Tubeless… with old tyres?
They could be baggy, but my virtually worn out rear Spesh Fast Trak went up no problem. Stretching a new tyre overnight with a tube in is often recommended too.
What leaps out at me though, beyond not using rim strips which aren’t essential, is that you’ve got the Stan’s in before you’ve seated the beads tubeless for the first time. The method in their videos has you doing this first, then popping s short section off, drop the Stan’s in, reseat tubeless, then shake/bounce all around until the leaks stop. I guess it might not make a difference though.Posted 4 years agoEcky-ThumpMember
Any ideas, oh learned ones?
Yes, a few to start you off. In this order:Posted 4 years ago
1. Use loads of neat fairy liquid rubbed all around the bead before you fit it. It’s not just to show the bubbles, it helps seat the tyre evenly and also I suspect it helps it get that initial early seal.
2. Mount with a tube in first and leave it inflated for an hour or two like that.
3. Try to leave one bead in place whilst you remove the tube. Not always possible but makes life easier if you can do it.
4. Remove the valve core if you need to get more air in there quicker than it escapes.
5. If all else fails, a pump-up garden sprayer makes a good compressor. Just fold/clamp the hose with a pair of molgrips whilst you build up the pressure, then remove the grips.
Hope some of that helps.
Ah Ok i think that makes SOME sense. Pump up with the tube in to 40-50psi? Or higher, to “lock it in”?
But when I let the air out, I’m going to have to completely remove one side to get the tube out and the Stans valve back in. So put the wheel horizontal so the bead ground side stays there? EDIT: Suppose I could pop a small section off, cut the tube with scissors and pull it out leaving virtually all of the bead both sides in place?
It’s bloody pitch black now. I’ll have a squiz in the morning.
Thanks for the tips. I guess once you’ve done it correctly once it’s bloody easy next time!?Posted 4 years agoEcky-ThumpMember
Pump up with the tube in to 40-50psi
Correct, doesn’t need any more than that.
But when I let the air out, I’m going to have to completely remove one side to get the tube out and the Stans valve back in
Correct, that’s what you do, leaving the other side firmly on the bead if you can.
EDIT: Suppose I could pop a small section off, cut the tube with scissors and pull it out leaving virtually all of the bead both sides in place?
NO! you will achieve nothing by cutting the tube. You have already broken the bead/rim seal on that side. This is unavoidable. Don’t waste a perfectly good tube for nothing.Posted 4 years agostimpySubscriber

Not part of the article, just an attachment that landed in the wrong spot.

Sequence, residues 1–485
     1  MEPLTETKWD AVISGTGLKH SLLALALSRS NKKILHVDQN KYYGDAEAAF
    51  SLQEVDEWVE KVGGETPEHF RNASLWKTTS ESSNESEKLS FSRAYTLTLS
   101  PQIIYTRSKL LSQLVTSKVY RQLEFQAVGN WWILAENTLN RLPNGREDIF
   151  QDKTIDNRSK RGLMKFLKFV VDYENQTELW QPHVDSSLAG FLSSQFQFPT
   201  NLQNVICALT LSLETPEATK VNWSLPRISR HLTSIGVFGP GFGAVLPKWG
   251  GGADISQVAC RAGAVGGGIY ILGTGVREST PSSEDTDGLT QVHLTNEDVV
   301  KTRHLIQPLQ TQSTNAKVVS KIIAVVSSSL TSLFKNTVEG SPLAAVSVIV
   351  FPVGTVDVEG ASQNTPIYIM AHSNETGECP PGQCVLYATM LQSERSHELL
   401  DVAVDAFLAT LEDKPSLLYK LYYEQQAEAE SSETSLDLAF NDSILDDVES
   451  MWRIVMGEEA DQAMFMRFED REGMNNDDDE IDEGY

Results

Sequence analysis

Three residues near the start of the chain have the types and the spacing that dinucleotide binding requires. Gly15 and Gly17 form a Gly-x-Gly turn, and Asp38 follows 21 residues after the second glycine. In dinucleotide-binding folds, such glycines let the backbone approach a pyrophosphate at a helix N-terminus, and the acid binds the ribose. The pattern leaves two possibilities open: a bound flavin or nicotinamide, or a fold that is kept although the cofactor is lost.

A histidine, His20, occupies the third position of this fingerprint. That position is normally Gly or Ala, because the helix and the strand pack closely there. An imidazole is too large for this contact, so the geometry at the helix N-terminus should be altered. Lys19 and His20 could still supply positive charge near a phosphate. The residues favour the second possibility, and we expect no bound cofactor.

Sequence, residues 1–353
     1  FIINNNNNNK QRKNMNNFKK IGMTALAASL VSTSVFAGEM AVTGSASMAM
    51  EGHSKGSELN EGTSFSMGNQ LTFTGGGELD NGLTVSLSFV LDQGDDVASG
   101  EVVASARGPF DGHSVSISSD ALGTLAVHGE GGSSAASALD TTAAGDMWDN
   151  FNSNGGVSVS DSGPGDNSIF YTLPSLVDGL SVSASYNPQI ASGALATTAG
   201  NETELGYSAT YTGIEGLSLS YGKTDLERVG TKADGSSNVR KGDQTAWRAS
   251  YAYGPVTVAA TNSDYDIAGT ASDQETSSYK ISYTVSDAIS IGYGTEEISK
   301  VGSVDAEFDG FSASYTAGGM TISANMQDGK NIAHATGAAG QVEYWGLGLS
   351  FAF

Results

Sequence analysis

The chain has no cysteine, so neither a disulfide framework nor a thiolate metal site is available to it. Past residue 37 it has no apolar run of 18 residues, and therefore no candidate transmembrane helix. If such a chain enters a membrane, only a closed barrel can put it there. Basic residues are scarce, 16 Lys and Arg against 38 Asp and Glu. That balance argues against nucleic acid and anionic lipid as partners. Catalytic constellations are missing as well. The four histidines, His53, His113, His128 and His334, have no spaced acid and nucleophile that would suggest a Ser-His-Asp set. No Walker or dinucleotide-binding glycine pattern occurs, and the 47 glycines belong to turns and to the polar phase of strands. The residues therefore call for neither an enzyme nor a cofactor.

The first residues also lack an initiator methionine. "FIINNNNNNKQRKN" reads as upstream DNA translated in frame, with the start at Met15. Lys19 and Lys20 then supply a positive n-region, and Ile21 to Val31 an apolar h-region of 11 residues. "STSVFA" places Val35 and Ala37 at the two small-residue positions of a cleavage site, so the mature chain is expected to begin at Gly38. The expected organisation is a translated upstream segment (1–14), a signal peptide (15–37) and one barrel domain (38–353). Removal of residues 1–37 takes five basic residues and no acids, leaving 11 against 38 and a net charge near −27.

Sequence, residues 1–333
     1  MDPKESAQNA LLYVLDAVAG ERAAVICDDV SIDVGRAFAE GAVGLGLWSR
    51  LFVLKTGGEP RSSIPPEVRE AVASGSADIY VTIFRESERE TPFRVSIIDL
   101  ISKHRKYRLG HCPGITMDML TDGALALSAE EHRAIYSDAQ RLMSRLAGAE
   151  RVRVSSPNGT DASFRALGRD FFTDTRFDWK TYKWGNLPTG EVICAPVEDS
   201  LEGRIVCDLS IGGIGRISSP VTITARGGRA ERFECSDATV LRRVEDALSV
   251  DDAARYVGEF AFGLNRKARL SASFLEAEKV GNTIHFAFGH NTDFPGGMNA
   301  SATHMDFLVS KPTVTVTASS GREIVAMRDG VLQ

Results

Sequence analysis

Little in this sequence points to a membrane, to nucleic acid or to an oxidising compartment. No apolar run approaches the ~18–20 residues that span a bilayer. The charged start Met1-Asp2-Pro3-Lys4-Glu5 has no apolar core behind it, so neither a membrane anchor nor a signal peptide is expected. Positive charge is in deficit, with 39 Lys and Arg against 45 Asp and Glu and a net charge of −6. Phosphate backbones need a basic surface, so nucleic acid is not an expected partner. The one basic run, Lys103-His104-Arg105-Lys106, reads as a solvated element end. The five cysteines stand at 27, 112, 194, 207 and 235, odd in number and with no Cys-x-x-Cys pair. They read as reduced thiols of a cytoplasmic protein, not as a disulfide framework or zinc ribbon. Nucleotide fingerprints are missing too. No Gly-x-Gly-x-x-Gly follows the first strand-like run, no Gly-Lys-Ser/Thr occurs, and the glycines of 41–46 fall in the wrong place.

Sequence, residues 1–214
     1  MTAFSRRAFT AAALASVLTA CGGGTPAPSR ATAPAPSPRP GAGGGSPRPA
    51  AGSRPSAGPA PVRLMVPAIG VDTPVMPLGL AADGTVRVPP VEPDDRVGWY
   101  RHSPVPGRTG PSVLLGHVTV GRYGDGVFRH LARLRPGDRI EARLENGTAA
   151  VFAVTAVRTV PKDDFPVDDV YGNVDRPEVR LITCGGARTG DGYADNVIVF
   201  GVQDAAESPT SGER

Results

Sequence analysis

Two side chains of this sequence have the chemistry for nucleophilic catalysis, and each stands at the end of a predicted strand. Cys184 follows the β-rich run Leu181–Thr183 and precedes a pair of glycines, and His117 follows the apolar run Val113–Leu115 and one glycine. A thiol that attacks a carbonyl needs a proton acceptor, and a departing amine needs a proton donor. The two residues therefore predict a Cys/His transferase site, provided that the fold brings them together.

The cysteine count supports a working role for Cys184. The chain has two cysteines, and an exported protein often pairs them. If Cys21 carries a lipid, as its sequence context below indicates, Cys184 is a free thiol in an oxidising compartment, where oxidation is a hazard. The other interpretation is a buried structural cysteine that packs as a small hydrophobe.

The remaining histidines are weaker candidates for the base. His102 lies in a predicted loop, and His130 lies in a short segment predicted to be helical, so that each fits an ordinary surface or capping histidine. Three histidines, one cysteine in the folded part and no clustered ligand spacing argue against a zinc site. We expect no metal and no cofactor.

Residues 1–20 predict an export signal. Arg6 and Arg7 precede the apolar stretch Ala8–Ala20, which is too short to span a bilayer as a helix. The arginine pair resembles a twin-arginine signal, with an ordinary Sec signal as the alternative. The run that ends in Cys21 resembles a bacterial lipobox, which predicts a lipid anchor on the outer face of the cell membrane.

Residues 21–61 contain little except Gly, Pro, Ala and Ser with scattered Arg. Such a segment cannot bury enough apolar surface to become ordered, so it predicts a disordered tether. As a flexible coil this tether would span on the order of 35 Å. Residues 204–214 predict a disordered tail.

There’s a reason Stan’s tell you not to.Posted 4 years ago
Just taken Bonty Jones XR tyres off my old wheels to put on my new 719s. I’ve cleaned them, wrapped them with 2 layers of decent 18mm electrical tape, cut a hole and put the valve through, cleaned the tyres, popped them on, filled with a cup and a half of Stan’s, popped the remaining tyre on, sponged on soapy water around both sides, stuck a CO2 cart on, pumped up and emptied the cartridge. Used 3 carts and got a bit annoyed so put my tubes in.
I also tried a track pump.
Short of going up the garage and using the air line, the only thing I assume is that pre-used tubeless tyres stretch a bit?
Any ideas, oh learned ones?Posted 4 years agoMark NMember
Loads of good pointers so far. Here is my addition.
You can get old tyres to work as tubeless, even ghetto tubeless. Check them for cuts and tears carefully.
Inflate with a tube installed to seat the bead on the rim. Break one bead to get the tube out and to re insert the removable valve stem. brush plenty of soapy water over the bead and get some all over the spokes as you may be leaking here and round the valve stem. Take the core out of the valve stem, it is nigh on impossible to get enough air in quick enough with the core fitted IME. Pump up to reseat the bead. finger over the valve stem is fine for initial checking of leaks/bubbles. Check where the bubbles are coming from, anything untoward? When you are happy that it is generally air tight you can get some Stans etc in through the valve stem. The clean nozzle from a caulking tube works ok as a funnel. Re insert the valve core and re inflate.
Other tips are to put a tube round the outside of the tyre like a big rubber band to help with initial inflation to seat the bead.Posted 4 years ago
D’oh yeah put a tube round the outside. Genius. I did have the wheel wedged beteen the wall, a chair, the floor and pressed down on the top with my hand. i was gonna use a bungee cord but a tube. Of course. *slaps head*
Well, I’m not planning on going out any time this weekend. Spent the whole night throwing up which was agony at 4am as there was nothing left, and when I wasn’t throwing up I was sat on the loo. I literally ache EVERYWHERE I doubt I could lift my leg over my crossbar. Which was nice.Posted 4 years agomikewsmithSubscriber
Yep valve out for better air entry.
I’ve done a few recently but not with old tyres.
LBS advice (mate) is stans tape is the best he has tried. Use that if you can (or are having issues – I wasn’t paying for it either) lots of soapy water all round it and no sealant till you know it’s going to go up – otherwise it’s a waste. Also the new Jo’s little bottles fit inside a removable presta valve so no need to break the seal just to add the fluid.
After that you may be onto rim strips. The compressor makes a big difference but with the valve out the track pump method seems to work fine.Posted 4 years ago
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